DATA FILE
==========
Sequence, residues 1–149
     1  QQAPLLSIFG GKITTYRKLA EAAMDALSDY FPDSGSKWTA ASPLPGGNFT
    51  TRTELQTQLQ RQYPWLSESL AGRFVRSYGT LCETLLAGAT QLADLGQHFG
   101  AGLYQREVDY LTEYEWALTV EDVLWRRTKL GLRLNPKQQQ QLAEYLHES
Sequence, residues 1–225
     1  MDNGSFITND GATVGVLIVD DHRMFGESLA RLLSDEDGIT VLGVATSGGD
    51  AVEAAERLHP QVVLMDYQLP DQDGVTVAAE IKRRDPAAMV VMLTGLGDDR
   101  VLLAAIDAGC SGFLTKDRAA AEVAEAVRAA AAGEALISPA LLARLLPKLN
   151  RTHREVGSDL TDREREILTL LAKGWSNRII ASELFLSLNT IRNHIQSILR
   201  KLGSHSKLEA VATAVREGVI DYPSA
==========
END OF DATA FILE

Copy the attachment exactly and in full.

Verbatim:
Sequence, residues 1–149
     1  QQAPLLSIFG GKITTYRKLA EAAMDALSDY FPDSGSKWTA ASPLPGGNFT
    51  TRTELQTQLQ RQYPWLSESL AGRFVRSYGT LCETLLAGAT QLADLGQHFG
   101  AGLYQREVDY LTEYEWALTV EDVLWRRTKL GLRLNPKQQQ QLAEYLHES
Sequence, residues 1–225
     1  MDNGSFITND GATVGVLIVD DHRMFGESLA RLLSDEDGIT VLGVATSGGD
    51  AVEAAERLHP QVVLMDYQLP DQDGVTVAAE IKRRDPAAMV VMLTGLGDDR
   101  VLLAAIDAGC SGFLTKDRAA AEVAEAVRAA AAGEALISPA LLARLLPKLN
   151  RTHREVGSDL TDREREILTL LAKGWSNRII ASELFLSLNT IRNHIQSILR
   201  KLGSHSKLEA VATAVREGVI DYPSA